Like most young radicals that came under the influence of Sheikh Rogo, Mahir went underground following the April 1, 2014 assassination of radical islamist Sheikh Abubakar Shariff alias Makaburi.
Makaburi’s followers from Majengo, Kisauni, Kwale and Malindi would later emerge under the banner of Jaysh Ayman, a Kenyan franchise of Al Shabaab members active in Lamu and responsible for the June 2014 terrorist massacre in Mpeketoni.
In October 2014, Mahir was involved in the killing of a police officer at Royal Court Hotel. The team was led by Ismael Mohamed Shosi alias Ismael Mmanga, a former resident of Bondeni, Mombasa County. He fled to Tanzania a month after the killing of the police officer after security agencies posted his photo on Mombasa billboards as a wanted person.
In early 2015, he confirmed to his family members in Mombasa that he had relocated to Somalia where he was undergoing training by Al-Shabaab. While there he specialised in small arms, disguise and was also alleged to have assassinated members defecting from Al Shabaab.
Investigators say he came back on their radar in November and December last year after he started getting in touch with his widow, Suhalia, through phone calls from Somalia before going to the coastal city for an aborted mission.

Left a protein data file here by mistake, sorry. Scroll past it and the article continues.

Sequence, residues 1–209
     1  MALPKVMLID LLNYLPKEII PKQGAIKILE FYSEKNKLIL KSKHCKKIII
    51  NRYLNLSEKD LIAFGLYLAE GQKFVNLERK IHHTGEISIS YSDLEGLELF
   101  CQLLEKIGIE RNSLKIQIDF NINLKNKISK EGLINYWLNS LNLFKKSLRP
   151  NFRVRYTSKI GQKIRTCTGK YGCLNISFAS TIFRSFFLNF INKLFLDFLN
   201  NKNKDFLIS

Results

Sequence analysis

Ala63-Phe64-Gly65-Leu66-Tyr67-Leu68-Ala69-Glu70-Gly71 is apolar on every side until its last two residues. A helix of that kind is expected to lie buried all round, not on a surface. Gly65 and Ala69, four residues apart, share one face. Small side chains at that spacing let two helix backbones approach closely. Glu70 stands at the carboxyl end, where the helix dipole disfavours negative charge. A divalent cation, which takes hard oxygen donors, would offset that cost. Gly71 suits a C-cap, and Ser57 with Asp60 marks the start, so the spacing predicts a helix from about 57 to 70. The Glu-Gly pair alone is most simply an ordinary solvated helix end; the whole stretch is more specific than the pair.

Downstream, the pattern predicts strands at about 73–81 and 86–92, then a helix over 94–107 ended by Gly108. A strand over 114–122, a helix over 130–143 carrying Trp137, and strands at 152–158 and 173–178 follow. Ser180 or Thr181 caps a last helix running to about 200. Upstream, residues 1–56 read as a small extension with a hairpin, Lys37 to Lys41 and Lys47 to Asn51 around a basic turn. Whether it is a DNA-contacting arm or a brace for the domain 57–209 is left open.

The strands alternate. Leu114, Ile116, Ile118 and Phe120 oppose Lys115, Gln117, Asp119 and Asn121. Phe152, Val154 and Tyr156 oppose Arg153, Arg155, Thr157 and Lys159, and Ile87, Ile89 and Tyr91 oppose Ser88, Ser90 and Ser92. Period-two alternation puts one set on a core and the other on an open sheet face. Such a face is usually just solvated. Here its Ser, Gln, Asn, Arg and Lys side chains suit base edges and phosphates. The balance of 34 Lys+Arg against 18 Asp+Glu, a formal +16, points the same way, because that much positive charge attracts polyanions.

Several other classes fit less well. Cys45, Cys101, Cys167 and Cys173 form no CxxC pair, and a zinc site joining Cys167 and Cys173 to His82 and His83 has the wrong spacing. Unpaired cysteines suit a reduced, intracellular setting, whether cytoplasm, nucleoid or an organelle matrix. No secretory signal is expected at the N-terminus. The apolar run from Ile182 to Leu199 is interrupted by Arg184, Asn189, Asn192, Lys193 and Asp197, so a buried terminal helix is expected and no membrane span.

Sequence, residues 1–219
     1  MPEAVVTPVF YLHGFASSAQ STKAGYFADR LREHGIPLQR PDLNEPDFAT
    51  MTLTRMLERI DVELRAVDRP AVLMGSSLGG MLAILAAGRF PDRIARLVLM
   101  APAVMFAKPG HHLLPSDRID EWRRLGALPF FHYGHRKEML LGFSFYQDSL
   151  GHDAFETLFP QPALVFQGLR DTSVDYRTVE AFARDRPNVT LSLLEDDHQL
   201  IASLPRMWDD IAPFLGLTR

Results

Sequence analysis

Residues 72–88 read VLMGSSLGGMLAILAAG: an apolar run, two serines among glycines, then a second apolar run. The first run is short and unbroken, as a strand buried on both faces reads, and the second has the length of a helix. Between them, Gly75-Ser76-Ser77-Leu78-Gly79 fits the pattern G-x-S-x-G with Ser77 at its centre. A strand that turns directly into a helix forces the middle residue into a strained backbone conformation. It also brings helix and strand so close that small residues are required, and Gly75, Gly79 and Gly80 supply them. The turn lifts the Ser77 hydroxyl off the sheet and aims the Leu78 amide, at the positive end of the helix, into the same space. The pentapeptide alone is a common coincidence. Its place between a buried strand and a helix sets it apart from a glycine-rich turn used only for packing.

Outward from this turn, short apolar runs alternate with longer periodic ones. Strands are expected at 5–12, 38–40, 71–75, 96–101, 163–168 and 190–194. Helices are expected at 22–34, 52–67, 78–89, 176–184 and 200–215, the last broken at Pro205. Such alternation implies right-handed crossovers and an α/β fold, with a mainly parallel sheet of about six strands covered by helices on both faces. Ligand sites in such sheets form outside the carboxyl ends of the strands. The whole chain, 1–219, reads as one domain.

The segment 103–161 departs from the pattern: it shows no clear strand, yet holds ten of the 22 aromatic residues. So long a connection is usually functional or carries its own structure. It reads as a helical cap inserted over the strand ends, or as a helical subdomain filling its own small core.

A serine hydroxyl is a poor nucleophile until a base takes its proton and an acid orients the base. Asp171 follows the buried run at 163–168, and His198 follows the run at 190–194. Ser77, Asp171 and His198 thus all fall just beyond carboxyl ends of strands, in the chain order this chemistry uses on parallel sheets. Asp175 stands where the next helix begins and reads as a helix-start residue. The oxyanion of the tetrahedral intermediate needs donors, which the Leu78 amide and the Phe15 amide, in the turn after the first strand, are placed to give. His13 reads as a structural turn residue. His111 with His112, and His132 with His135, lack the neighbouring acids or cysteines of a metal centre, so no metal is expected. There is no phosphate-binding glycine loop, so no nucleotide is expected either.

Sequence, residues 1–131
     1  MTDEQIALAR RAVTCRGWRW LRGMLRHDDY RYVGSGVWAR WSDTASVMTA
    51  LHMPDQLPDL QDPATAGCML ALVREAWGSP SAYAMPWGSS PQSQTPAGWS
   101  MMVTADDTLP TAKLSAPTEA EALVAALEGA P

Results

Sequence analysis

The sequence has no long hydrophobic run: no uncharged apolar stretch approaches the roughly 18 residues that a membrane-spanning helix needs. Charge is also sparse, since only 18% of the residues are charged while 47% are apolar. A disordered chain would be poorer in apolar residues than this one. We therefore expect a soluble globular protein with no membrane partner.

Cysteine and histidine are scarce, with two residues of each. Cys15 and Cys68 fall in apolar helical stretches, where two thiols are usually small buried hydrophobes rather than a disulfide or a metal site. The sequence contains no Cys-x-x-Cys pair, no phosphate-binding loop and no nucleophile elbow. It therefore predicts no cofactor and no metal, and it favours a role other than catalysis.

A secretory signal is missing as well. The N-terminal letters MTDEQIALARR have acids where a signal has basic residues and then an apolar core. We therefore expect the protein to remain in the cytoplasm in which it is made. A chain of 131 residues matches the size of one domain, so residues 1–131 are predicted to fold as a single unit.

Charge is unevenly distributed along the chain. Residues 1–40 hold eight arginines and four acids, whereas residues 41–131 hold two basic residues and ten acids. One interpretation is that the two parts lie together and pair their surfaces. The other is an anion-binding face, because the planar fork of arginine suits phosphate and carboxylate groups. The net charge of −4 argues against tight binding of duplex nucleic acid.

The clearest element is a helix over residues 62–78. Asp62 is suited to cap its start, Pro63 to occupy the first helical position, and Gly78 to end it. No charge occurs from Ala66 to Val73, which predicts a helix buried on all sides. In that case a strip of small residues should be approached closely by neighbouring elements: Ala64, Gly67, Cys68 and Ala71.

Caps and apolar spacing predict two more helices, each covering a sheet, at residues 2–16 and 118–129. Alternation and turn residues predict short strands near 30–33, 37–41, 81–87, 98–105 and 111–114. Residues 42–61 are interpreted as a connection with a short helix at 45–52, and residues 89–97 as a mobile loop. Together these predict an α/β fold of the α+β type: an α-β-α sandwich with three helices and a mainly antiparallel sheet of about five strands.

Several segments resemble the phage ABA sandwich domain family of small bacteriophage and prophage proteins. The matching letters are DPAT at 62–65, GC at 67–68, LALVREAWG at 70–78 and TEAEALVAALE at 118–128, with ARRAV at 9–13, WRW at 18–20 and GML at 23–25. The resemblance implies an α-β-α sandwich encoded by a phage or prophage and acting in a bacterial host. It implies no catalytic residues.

On January 13, he sneaked into Kenya through Elwak in Mandera County, then to Takaba, and boarded a Moyale Raha bus in Marsabit town to Nairobi. When he arrived in the city, he immediately proceeded to Muchatha to link with the attack cell leader, Ali Salim Gichunge alias Faruk, to receive instructions on his role for the planned attack.
On the day of the attack, Mahir reportedly arrived at the scene earlier but was constantly communicating with Gichunge, taking instructions and updating him on his status.
Scamper for safety
“The attack strategy was for him to detonate his suicide vest to kill people at the Secret Garden restaurant and signal incoming attackers. Then, as people scamper for safety towards the main entrance of Dusit complex, the other four attackers were supposed to embark on a killing spree targeting the fleeing crowd,” a source said.
There have also been revelations that at the time of the attack, the terrorist was in failing health and might have been in charge of a cell that emerged in Mombasa last November to plot the carnage.
Soshi, one of Mahir’s acquaintances, was linked to several murders of security, intelligence agents and reformed terror suspects was accused of masterminding the daylight killing of a police officer manning the Gulf Bank in Mombasa’s Bondeni area in 2015. He was later killed in what police described as a shootout several months later and a G3 rifle allegedly, snatched in the Gulf Bank attack recovered from his house.
Shosi was killed by security agencies in September 27, 2016 at his hideout in Mwandoni after he resisted arrest and engaged them in a fire exchange.
The Mahir, 25, was also later linked to the murder of a police officer on Mombasa’s Haile Selassie Street besides the shooting and wounding of former Mombasa DCIO Ndumba Thangarani in 2015.
Mid May and in the wake of the April 2, 2015 massacre at Garissa University College police published Mahir’s name among eight most wanted, linking him to Sheikh Mohamed Khalid Mohamed Ali who had been arrested in Lamu. This cleric had been linked to the college massacre and the police alleged the eight were linked to him in kind.